RICHMOND -- Air quality regulators will announce as soon as next week how much smoke pollution was found in the air after Monday's Chevron refinery fire.
The Bay Area Air Quality Management District took samples throughout Richmond and in neighboring cities Monday as firefighters battled the three-alarm blaze, which released huge clouds of black smoke thousands of feet into the sky.
The air district released test results Tuesday from eight samples they'd taken, reporting no dangerous levels of the 23 chemical compounds they tested for.
"The likely source of health impacts from the fire is particulate matter from smoke," said Lisa Fasano, spokeswoman for BAAQMD.
Regulators also took samples to test for those particulates, but they take longer to process -- at least one to two weeks -- and so the earliest results could be available is Aug. 13, Fasano said.
The chemical tests, she explained, are taken by regulators who carry canisters about the size of a gallon paint can to any given spot and collect an upwind air sample, sealing off the canister and testing the air trapped inside for chemicals.
The test for smoke particulates is more complicated because it's detected by filters mounted in place over a 24-hour period, Fasano said. The filters are then dissolved in a chemical that preserves the bits of particulate themselves, and those are then dried and examined.
Fasano also corrected the district's mistaken report Tuesday that there were no significant chemical levels found in any of the eight tests taken.
One sample, taken by county health workers in El Cerrito at Arlington Boulevard and Potrero Avenue, found a higher-than-reported level of acrolein.
Acrolein is commonly found in car exhaust, cigarette smoke and overheated cooking oil or grease, according to the Center for Disease Control. At low exposure levels, it can cause watering eyes, difficulty breathing and burning in the nose and throat, and at high levels can be fatal.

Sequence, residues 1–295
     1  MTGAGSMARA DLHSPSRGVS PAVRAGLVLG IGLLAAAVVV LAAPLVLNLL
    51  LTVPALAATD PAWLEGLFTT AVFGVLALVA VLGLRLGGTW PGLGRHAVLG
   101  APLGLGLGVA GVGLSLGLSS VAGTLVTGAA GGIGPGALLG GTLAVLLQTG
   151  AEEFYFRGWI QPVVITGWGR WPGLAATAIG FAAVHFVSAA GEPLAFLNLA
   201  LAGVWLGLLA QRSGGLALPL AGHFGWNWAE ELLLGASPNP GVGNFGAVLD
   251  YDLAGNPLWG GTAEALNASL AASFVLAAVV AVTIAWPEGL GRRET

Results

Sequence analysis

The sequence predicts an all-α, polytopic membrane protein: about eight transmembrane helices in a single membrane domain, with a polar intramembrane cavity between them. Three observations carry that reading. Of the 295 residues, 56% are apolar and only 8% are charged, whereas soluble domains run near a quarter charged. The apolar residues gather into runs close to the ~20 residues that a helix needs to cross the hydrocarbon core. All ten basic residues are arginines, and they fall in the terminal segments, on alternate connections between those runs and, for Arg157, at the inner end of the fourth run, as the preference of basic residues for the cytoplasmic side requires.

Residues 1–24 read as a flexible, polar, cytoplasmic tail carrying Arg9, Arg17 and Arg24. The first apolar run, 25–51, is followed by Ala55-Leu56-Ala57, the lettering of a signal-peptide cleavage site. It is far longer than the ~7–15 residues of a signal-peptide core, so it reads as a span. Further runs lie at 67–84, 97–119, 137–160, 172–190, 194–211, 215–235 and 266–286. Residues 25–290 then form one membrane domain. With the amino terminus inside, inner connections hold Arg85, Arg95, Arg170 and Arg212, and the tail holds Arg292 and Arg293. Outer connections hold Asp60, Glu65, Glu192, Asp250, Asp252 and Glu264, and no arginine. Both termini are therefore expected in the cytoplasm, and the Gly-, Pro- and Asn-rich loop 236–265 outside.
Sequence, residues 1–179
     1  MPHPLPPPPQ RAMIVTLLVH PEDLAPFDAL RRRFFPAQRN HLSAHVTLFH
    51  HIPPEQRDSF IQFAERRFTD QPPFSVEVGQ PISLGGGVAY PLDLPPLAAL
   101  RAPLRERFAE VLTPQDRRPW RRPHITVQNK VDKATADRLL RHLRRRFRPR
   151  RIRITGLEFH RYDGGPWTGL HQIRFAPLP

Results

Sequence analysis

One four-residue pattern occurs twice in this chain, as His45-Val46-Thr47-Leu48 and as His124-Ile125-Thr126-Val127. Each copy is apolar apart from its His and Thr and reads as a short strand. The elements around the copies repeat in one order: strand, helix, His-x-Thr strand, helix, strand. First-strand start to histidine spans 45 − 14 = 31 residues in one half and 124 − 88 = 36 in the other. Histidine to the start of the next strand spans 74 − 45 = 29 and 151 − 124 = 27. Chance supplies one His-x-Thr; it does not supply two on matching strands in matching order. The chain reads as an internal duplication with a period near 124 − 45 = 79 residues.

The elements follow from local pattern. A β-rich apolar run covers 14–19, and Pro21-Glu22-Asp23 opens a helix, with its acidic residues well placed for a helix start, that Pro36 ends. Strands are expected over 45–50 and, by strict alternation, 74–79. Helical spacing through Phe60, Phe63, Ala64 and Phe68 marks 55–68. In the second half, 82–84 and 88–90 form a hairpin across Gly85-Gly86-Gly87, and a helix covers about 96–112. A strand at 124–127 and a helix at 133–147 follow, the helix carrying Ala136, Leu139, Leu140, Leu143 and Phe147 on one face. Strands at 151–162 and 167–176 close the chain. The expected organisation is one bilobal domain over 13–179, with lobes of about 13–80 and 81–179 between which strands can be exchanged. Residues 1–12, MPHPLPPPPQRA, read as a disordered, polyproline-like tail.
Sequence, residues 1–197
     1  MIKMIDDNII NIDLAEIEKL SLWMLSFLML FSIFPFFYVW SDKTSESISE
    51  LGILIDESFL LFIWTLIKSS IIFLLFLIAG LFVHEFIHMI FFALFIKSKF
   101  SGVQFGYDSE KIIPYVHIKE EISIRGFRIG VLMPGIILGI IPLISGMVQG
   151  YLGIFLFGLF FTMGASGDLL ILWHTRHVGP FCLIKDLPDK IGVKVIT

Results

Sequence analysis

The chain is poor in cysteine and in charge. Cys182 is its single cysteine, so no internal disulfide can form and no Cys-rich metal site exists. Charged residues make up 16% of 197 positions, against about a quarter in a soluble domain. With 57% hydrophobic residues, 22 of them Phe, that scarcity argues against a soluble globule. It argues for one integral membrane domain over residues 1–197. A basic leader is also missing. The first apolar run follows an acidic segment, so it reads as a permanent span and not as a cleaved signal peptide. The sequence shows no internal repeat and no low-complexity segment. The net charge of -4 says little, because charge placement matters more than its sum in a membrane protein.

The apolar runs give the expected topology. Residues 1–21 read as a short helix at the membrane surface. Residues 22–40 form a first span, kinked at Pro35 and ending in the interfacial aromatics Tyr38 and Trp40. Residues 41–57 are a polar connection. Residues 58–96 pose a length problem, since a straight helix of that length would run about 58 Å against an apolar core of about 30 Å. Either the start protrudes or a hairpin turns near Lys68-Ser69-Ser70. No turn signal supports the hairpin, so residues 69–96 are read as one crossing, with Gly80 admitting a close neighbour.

Acrolein has not been regulated by the state or the Environmental Protection Agency, but the federal Occupational Safety and Health Administration requires that work environments for workers exposed to the chemical for 40 hours a week have no more than 100 parts per billion.
The level found in El Cerrito Monday was well under that at 3.2 parts per billion, Fasano said.
The air district didn't initially report that, she added, because that level still falls within everyday varying levels seen in the Bay Area, which commonly range as high as 4.5 parts per billion.
Area hospitals reported hundreds of patients coming for treatment in the wake of the fire and complaining of sore throats, nausea and breathing problems. A local law firm told reporters it had more than 1,000 people sign up to file claims against Chevron.
Contact Sean Maher at 925-943-8013. Follow him on Twitter at twitter.com/OneSeanMaher.